Understanding Parameter Saliency via Extreme Value Theory

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Understanding Parameter Saliency via Extreme Value Theory


Shuo Wang, Issei Sato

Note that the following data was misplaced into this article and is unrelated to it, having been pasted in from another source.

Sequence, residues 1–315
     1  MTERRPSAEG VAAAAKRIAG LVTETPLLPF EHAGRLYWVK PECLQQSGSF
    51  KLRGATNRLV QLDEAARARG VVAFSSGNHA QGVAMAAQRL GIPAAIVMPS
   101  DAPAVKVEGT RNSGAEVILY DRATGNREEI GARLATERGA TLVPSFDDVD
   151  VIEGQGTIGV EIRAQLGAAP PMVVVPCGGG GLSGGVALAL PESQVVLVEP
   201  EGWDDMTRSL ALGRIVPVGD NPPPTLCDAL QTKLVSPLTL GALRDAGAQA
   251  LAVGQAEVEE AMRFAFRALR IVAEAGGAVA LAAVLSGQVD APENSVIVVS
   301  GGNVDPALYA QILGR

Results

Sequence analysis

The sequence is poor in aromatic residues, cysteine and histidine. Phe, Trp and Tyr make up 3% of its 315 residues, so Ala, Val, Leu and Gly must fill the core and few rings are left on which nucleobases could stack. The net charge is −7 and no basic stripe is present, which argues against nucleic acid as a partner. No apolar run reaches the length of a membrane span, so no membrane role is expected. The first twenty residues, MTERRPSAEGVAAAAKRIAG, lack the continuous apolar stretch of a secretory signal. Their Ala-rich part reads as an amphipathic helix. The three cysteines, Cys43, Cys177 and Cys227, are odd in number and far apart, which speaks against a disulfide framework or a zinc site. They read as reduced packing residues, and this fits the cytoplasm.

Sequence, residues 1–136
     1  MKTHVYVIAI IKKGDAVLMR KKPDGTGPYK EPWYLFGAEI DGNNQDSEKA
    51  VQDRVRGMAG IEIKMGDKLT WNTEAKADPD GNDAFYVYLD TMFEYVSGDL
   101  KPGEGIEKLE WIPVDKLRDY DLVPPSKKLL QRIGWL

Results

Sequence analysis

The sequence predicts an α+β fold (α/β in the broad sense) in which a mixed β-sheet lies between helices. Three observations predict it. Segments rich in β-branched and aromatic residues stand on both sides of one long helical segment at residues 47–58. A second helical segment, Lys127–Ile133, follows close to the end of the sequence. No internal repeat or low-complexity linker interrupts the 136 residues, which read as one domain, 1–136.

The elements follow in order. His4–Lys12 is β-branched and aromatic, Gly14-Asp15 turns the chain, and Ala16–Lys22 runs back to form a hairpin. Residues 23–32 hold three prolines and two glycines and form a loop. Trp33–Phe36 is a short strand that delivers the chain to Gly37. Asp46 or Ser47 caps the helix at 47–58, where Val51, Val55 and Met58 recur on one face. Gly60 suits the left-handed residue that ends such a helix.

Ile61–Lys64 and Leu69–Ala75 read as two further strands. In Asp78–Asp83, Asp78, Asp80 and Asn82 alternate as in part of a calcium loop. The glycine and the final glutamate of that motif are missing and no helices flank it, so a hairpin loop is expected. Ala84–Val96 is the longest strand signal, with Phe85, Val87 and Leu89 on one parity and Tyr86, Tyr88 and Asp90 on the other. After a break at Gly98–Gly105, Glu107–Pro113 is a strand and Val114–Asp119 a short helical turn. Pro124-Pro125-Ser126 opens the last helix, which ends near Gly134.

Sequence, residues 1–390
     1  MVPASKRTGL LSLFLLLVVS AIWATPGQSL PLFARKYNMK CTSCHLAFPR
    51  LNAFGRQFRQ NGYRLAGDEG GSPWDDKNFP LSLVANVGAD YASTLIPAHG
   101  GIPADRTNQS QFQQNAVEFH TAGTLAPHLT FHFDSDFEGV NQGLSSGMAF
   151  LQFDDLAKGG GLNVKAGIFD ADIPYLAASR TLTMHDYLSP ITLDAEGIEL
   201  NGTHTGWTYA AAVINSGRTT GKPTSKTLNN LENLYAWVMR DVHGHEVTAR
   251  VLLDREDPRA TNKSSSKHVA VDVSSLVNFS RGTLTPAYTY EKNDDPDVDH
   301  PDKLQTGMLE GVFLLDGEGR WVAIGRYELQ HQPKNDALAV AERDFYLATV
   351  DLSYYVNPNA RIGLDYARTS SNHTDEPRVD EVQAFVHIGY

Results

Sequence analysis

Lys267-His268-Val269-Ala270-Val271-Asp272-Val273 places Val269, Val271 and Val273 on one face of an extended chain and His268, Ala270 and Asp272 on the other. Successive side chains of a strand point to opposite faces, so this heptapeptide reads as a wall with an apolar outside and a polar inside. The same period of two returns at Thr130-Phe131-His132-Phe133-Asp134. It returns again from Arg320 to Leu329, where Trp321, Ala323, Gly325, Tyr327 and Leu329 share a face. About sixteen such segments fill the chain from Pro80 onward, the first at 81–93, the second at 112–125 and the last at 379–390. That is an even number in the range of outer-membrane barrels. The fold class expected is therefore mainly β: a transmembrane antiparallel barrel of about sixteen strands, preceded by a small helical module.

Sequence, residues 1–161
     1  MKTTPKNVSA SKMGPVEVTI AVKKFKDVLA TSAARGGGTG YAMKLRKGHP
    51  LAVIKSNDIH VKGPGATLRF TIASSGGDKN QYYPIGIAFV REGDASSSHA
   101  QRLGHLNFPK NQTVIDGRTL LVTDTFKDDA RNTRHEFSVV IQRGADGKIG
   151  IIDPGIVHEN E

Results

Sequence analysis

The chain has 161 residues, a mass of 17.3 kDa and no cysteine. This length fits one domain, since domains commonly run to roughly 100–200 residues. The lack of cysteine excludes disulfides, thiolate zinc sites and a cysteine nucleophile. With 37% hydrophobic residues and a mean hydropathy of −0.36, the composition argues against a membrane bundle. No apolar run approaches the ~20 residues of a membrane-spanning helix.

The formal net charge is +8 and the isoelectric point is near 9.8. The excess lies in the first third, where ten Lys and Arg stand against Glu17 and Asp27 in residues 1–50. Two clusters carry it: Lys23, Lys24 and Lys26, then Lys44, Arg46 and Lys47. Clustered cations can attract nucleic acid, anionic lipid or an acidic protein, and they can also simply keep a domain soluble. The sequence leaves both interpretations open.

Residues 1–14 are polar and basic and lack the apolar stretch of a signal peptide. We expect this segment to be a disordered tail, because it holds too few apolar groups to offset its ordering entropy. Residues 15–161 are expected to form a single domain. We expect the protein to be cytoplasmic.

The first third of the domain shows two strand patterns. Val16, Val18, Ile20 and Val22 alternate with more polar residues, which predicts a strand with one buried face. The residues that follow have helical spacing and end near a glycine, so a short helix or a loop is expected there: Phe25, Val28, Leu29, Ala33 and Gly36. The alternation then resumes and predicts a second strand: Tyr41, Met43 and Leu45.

Deep neural networks are being increasingly implemented throughout society in recent years. It is useful to identify which parameters trigger misclassification in diagnosing undesirable model behaviors. The concept of parameter saliency is proposed and used to diagnose convolutional neural networks (CNNs) by ranking convolution filters that may have caused misclassification on the basis of parameter saliency. It is also shown that fine-tuning the top ranking salient filters has efficiently corrected misidentification on ImageNet. However, there is still a knowledge gap in terms of understanding why parameter saliency ranking can find the filters inducing misidentification. In this work, we attempt to bridge the gap by analyzing parameter saliency ranking from a statistical viewpoint, namely, extreme value theory. We first show that the existing work implicitly assumes that the gradient norm computed for each filter follows a normal distribution. Then, we clarify the relationship between parameter saliency and the score based on the peaks-over-threshold (POT) method, which is often used to model extreme values. Finally, we reformulate parameter saliency in terms of the POT method, where this reformulation is regarded as statistical anomaly detection and does not require the implicit assumptions of the existing parameter-saliency formulation. Our experimental results demonstrate that our reformulation can detect malicious filters as well. Furthermore, we show that the existing parameter saliency method exhibits a bias against the depth of layers in deep neural networks. In particular, this bias has the potential to inhibit the discovery of filters that cause misidentification in situations where domain shift occurs. In contrast, parameter saliency based on POT shows less of this bias.

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